From ‘Thriller’ to ‘New Rules’: The Return of the Big Sound

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If you’ve tuned into the radio anytime in the last few months, chances are there’s a particular sound you’ve heard again and again as they tick down through the charts. It took me a while to pick up on it, but when I discovered what it was it grabbed me by the teeth and still hasn’t let go. Take another listen – to ‘The Louvre’ by Lorde, or to ‘tonite’ by LCD Soundsystem, or most obviously to ‘New Rules (Initial Talk Remix)‘ by Dua Lipa. Now put on ‘Thriller’ by Michael Jackon; ‘Don’t You (Forget About Me)’ by Simple Minds; ‘In The Air Tonight’ by Phil Collins. Notice anything? That big 1980s sound – major notes that seem to ripple around the high school hall, space-age synth that takes you back to the days of E.T. and space shuttles, and most widely that vapid, reverberated drum beat that seems to cut through the entire song – is making a comeback, and how.

We are living in an era of real 1980s nostalgia when it comes to pop culture. Stranger Things took over our TV screens for the second summer running this year, there are genuinely good Star Wars films showing every Christmas in movie theatres, and Dungeons & Dragons, a classic 1980s board game, has recently seen huge streaming numbers on Twitch; so it’s no surprise that the music world would follow suit. What’s interesting is how music producers aren’t going after pure nostalgia, as perhaps other players in the entertainment world are.

That’s not to say nostalgia isn’t a factor in the return of that big 1980s sound – it almost certainly is. Jack Antonoff of Bleachers was born the year Prince’s Purple Rain was released, and it’s clear when listening to his 2017 album with Bleachers (and to Lorde’s Melodrama and Taylor Swift’s aptly-titled 1989, which he produced) that growing up around reverberating synth and in particular those cutting drums has influenced his work; Ariel Rechtshaid, who produced Carly Rae Jepsen’s 2015 album Emotion, said of the sound that it’s “just something that I’ve always kind of had in my head”. And those millennials who were brought up on Michael Jackson and David Bowie will always be keen on the sounds that take them back to their childhood (is that not why so many students pour into Oceana’s cheese room every Wednesday night, to listen to those late-’90s and early-’00s hits from our youth?). But why is this sound selling to the younger generation?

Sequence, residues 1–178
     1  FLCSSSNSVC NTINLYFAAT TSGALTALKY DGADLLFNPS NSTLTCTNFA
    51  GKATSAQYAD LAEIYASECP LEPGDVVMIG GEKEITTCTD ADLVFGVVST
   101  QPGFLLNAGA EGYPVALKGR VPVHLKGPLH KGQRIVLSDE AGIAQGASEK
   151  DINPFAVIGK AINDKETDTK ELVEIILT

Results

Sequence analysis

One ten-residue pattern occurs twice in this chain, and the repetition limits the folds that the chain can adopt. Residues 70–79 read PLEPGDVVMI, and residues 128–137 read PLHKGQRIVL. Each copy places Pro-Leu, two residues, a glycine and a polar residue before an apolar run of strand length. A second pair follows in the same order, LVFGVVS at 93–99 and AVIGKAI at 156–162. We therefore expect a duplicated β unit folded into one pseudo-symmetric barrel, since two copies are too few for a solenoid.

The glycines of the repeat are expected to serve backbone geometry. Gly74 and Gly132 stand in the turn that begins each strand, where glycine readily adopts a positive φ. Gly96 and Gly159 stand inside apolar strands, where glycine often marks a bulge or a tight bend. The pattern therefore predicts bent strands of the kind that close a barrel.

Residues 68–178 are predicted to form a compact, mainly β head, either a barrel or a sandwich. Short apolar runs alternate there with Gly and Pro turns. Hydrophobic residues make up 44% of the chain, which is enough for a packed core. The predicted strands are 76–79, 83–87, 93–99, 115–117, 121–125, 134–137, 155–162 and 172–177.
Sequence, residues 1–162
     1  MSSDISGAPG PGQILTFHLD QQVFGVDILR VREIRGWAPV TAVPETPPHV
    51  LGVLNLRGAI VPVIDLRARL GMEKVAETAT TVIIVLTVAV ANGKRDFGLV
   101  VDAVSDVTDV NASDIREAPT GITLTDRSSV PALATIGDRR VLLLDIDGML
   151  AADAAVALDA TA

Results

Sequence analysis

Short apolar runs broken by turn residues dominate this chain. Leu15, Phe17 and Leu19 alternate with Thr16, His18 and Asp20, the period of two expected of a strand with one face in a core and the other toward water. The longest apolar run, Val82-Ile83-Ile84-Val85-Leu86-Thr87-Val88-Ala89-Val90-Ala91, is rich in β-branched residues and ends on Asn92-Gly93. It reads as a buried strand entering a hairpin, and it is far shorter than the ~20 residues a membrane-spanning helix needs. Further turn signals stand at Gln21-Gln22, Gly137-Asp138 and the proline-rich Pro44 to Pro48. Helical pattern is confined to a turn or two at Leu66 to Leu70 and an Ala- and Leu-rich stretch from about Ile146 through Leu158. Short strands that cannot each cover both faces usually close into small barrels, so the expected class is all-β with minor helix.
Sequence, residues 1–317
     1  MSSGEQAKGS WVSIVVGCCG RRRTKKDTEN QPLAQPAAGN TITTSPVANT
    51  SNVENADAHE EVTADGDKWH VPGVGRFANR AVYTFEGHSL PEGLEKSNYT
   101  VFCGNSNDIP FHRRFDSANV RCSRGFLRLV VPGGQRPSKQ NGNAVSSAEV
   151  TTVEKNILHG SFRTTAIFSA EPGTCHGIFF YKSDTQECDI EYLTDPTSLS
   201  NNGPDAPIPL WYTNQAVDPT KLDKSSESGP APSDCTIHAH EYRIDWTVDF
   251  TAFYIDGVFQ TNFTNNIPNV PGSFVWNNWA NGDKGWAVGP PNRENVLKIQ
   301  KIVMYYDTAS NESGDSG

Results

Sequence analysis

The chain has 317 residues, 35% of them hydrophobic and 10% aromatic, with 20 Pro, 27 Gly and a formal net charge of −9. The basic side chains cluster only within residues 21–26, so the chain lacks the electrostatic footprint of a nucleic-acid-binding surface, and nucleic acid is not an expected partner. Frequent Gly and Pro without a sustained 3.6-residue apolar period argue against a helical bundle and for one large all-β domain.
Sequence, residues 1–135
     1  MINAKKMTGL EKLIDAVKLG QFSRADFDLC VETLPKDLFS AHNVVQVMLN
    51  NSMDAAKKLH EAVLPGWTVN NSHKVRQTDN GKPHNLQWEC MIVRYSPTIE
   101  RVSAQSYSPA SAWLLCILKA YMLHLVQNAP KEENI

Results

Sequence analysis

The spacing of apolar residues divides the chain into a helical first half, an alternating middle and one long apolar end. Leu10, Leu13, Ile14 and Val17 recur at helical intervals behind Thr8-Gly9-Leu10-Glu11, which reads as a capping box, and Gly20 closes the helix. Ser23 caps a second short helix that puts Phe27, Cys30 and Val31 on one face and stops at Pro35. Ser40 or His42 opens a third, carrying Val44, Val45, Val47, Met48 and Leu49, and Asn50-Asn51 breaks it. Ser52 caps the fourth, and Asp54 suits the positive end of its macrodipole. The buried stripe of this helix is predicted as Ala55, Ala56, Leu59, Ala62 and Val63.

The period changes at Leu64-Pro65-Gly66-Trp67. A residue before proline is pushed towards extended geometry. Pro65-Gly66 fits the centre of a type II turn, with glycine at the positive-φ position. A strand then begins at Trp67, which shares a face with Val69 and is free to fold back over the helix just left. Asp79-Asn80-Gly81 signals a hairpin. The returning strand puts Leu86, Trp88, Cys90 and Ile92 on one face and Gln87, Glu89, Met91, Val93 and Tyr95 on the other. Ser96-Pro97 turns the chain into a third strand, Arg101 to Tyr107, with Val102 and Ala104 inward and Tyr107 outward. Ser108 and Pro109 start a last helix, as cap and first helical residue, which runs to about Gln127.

Well for one thing, it’s new. True, peak reverb was a thing – listen to any 1980s playlist for longer than an hour and you’ll see what I mean – but compared to the dry drums and grungy or rocky guitar of the 1990s and 2000s, dazzling synthesizers and that oh-so-noticeable drum beat provide a change of pace. But more than that, today’s producers are doing exciting things with the sound to attract a whole new audience who has never come across gated reverb or its cousins before. To use my previous example, Lorde’s ‘The Louvre’ is clearly not a 1980s song – there’s none of the pluckiness or dreaminess that characterized much of the music of that decade – but those cutting drums still manage to set it apart from anything else from even as recently as five years ago.

True, there are exceptions to this – nostalgia was clearly very much a factor in producing Initial Talk’s remix of Dua Lipa’s ‘New Rules’ – and it’s fair to say that the swooshing drum beats and laser gun synths we’re hearing more of aren’t exactly timeless sounds. But then again, they are very cool, and I think most of all that’s why I’m excited to go back in time to explore the future of music.

Watch the music video for Dua Lipa’s ‘New Rules (Initial Talk Remix)’ below:

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I play/watch/listen to things, then write about playing/watching/listening to things. Special powers include downing two litres of tea at a time and binging a 13-episode Netflix series in only 12 hours. Records Editor 2018/19 OMG

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